PROVIDENCE, R.I. (WPRI) – A mob murder cold case that’s now more than a quarter-century old may be creeping closer to closure.
On Sept. 18, 1992, notorious gangster Kevin Hanrahan was shot three times in the head as he left what was then the Arch restaurant on Federal Hill. No one was charged in the brazen gangland slaying until 2016, when longtime mob capo regime Robert “Bobby” DeLuca pleaded guilty to murder conspiracy for his role in the killing.
But the actual triggerman has never been caught.
Target 12 has learned investigators are now looking at imprisoned mob captain Edward Lato as a suspect in the killing. The 70-year-old mob captain has been in a federal prison for a separate case from 2011, and is set to be released in next year.
Lato has not been charged in the Hanrahan slaying. Mark Smith, Lato’s most recent attorney, said he has not been contacted by the government in this case.
Several ice-cold mob cases started to heat up last year, when DeLuca was caught up in a federal case out of Boston and pleaded guilty to charges that he lied to the FBI.
Court documents show DeLuca is slated to be a key witness in the trial against former mob boss Francis “Cadillac Frank” Salemme, who is accused of taking part in the murder of Boston nightclub owner Steven DiSarro.
DiSarro’s remains were exhumed from a Providence mill building in March, and DeLuca has told investigators he and his brother retrieved DiSarro’s body from Salemme and buried him behind the building, which was owned by DeLuca associate William Ricci.
Salemme has pleaded not guilty.
DeLuca pledged to cooperate with Rhode Island authorities in the Hanrahan murder as part of his plea deal with federal prosecutors in Boston. According to a plea agreement in the Hanrahan case, the attorney general’s office has recommended DeLuca’s 10-year sentence be suspended, meaning if he stays out of trouble, he won’t serve any prison time for his role in the murder.
Amy Kempe, a spokesperson for Attorney General Peter Kilmartin, said the suspended sentence would run concurrent with any sentence DeLuca received in the Boston case. The agreement still has to be approved by a judge.
The night of the Hanrahan murder, an informant – who spoke to Target 12 on the condition of anonymity – was already working with the government. But it was a stark moment for the man who had grown up identifying the cops as bad guys, and aspired to be a wiseguy himself.
His life could go two ways if he didn’t turn things around, he said: “The ending that Kevin Hanrahan met with, or prison.”
“I felt that once I started to see the treachery and disloyalty that existed in that life, it was important to me to get a different life,” he said.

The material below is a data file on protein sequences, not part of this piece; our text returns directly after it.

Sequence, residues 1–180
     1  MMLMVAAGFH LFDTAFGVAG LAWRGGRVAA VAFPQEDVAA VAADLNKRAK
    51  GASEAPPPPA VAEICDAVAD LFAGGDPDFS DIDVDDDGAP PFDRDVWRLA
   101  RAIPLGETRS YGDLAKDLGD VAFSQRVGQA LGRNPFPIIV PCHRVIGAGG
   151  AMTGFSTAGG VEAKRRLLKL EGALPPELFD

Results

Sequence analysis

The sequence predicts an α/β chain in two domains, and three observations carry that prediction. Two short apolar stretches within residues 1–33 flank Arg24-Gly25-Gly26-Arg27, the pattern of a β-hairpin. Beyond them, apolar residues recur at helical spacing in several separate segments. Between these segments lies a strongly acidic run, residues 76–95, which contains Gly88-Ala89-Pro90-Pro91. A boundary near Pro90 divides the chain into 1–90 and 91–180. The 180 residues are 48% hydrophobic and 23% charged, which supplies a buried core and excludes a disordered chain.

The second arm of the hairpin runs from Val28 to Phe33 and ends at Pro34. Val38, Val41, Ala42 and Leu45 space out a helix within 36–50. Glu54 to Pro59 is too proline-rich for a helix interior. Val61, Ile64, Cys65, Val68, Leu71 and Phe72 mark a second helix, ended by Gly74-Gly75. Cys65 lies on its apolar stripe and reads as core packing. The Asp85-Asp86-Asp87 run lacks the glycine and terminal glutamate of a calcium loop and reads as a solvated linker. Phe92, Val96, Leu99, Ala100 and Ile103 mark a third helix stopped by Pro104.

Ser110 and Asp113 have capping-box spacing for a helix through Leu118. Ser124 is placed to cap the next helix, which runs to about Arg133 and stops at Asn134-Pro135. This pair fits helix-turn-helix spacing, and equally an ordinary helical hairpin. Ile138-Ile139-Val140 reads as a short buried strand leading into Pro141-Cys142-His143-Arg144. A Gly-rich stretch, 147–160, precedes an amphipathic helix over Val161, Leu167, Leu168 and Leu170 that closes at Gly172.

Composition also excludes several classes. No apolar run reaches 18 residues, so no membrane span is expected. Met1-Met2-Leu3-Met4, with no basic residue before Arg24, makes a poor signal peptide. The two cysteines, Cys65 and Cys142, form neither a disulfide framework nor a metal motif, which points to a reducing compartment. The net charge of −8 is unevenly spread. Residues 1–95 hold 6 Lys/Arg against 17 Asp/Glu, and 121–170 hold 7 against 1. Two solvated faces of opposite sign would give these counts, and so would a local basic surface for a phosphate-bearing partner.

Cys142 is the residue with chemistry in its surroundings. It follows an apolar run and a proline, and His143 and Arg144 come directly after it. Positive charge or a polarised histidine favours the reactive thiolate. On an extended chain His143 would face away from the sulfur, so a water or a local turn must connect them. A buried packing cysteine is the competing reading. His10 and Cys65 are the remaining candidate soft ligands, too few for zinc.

The information is now living in another part of the country, with a new identity, after being placed into the federal witness protection program.
Earlier in the night, Hanrahan joined the informant and a group of others for dinner at the Arch restaurant. It wasn’t until the next morning that he heard Hanrahan had been gunned down.
“I was extremely, extremely shocked [and] definitely shook up by it,” he said. “It’s not every day that you have dinner with a guy who gets shot in the head 20 minutes after you leave.”
Several theories have emerged around a possible motivation for the gangster’s violent end, from Hanrahan encroaching on another’s territory by shaking down bookies for protection money, to retribution for the 1982 murder of Raymond “Slick” Vecchio. Hanrahan was a suspect in that case but was never charged.
It was a tough investigation for detectives because, at 39, Hanrahan had made a lot of enemies; the Irish strong-arm was often called on by members of La Cosa Nostra to violently settle disputes and collect debts.
Soon after the murder, the informant said the streets were buzzing about who had pulled off the brazen shooting. But he said he’s not surprised it has taken decades for there to be movement on the case.
“I don’t know there were witnesses to it, but if there were it’s very unusual for people to come forward in such a situation because of the fear of retribution,” he said. “I know law enforcement has been working on this case nonstop for a long time. … So hopefully with all this coming forward this case will be a closed case.”
The informant’s decision to work with police and prosecutors to feed information on high-level mobsters – sometimes wearing a wire – was a risk he was willing to take to get out of that life.
“It was very stressful, it was an everyday thought of the chances of getting discovered and getting killed,” he said. “My choice was to get a new life and make the most of that life, so the reward was worth it to me as far as taking the chance of doing that.”
As much as investigators took a chance on him, he also took a leap of faith in placing his fragile trust in them. Any leak about his work with police would have been a death sentence.
“They 100 percent in every way shape and form did what they said, said what they did,” he said. “They are absolutely instrumental in getting me to get and giving me the life I have now.”
After six years leading a double life, he was whisked away by the U.S. Marshals Service and planted in another part of the country, with a new identity. He recalls a federal agent asking him if he really thought he could leave behind the life of crime and start anew.
“It was asked to me in a way the person who was asking the question didn’t seem like they had a whole lot of confidence in the fact I was going to do so,” he said. “I said, ‘Yeah, I do.'”
While he hasn’t looked back, he still keeps in touch with investigators that he credits with turning his life around.
“As much as I didn’t want to let myself down, I didn’t want to let them down,” he said. “I didn’t want to be another statistic that went into the program and failed.”